Robert Falcon Scott (1868-1912); by descent.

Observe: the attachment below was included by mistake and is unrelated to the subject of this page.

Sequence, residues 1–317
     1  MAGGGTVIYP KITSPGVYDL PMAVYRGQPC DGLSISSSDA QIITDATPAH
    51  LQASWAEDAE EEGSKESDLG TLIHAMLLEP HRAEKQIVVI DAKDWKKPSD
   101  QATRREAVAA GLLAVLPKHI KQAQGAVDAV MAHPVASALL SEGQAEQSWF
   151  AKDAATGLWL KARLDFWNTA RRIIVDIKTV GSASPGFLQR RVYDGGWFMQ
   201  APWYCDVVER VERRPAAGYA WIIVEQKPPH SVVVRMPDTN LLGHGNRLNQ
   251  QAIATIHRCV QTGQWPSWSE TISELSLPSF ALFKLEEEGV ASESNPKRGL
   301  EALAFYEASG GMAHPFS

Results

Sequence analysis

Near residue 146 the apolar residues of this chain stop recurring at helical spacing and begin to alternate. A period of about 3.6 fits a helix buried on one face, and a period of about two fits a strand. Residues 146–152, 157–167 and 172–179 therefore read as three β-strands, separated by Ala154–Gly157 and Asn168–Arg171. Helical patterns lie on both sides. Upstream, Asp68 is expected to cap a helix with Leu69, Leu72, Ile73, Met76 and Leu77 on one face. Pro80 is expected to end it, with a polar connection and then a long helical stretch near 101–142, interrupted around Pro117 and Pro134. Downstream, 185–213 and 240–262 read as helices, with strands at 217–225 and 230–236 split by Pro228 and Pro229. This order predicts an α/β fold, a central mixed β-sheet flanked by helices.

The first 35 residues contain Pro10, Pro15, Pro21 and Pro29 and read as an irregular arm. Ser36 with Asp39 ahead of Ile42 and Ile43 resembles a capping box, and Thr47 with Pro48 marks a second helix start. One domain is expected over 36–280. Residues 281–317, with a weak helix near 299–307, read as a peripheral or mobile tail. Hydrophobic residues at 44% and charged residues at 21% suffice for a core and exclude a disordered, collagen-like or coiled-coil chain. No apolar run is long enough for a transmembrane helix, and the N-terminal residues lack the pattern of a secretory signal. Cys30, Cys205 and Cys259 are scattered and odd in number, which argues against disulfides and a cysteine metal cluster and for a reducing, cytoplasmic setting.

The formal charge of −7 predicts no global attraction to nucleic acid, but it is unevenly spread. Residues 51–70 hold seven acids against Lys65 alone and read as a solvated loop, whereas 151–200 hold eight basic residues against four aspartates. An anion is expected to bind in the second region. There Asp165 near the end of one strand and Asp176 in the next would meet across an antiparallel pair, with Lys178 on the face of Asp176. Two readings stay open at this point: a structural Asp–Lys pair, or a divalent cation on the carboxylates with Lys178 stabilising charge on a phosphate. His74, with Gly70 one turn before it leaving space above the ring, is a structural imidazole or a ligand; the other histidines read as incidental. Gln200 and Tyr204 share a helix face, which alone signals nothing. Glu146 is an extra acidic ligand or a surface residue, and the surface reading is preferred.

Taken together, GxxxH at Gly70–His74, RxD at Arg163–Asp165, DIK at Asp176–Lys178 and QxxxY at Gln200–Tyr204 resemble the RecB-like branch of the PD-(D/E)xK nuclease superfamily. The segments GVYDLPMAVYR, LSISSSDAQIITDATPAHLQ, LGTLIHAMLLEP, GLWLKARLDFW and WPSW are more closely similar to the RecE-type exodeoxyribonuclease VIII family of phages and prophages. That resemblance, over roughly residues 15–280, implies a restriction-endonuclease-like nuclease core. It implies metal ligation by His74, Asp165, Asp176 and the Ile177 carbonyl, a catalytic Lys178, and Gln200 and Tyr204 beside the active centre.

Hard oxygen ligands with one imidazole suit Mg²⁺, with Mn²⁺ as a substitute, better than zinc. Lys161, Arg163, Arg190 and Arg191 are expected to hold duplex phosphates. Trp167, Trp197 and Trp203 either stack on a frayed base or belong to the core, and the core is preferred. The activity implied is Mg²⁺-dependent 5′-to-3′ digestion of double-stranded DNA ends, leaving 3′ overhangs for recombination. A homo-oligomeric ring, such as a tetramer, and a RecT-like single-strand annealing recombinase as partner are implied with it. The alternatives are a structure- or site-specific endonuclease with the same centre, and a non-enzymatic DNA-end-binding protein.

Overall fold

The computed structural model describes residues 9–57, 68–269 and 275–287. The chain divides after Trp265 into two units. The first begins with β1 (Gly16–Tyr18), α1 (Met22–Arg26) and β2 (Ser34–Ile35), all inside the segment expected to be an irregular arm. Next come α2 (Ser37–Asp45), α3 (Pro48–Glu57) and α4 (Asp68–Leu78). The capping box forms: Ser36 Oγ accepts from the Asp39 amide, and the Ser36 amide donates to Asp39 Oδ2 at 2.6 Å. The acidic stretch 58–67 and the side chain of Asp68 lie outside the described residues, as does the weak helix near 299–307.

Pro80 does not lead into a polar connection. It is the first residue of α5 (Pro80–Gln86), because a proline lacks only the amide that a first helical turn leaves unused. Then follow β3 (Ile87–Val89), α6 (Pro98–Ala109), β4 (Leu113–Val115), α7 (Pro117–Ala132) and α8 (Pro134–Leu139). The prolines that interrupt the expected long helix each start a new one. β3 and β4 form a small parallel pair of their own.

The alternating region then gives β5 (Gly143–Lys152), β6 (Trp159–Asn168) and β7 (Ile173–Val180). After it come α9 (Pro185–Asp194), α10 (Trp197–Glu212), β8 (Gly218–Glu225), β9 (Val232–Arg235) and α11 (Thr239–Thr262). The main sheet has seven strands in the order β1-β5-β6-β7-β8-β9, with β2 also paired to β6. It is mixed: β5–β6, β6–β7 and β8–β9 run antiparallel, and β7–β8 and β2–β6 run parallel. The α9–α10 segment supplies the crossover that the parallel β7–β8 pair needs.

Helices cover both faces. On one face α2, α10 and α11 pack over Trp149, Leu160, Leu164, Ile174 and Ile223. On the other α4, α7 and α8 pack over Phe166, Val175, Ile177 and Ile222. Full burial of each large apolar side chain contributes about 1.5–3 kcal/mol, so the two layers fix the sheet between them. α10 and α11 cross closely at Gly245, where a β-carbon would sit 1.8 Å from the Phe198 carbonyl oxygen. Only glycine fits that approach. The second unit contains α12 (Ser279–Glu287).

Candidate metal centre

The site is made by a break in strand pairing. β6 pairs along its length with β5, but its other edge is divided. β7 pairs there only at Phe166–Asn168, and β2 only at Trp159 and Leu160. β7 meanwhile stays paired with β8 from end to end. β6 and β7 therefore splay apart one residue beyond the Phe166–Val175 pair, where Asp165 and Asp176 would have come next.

'Matches! There's a problem, how to keep the matches dry. Our matches were in metal boxes, rather cold to handle but supposed to be more or less air-tight. That however is little help, because the matches inside are at the temperature of the air outside the tent. Inside the tent it's a little warmer and humid with one's breath. Consequently the moment the match-box is opened all the matches have a film of moisture condensed on them which at once turns to ice. This happens more quickly still if you happen to breathe on the box.' (F. Debenham, In the Antarctic, Stories of Scott's Last Expedition, London, 1952, p.38.) The safety pins were pinned to outer garments and used as blubber prickers or forks (see T. Griffith Taylor, With Scott: The Silver Lining, Norwich, 1997, p.176 for his sketch 'Forks for blubber 5.3.11'.) and see the portrait of Scott in sledging outfit (illustrated right) with three safety pins in his coat.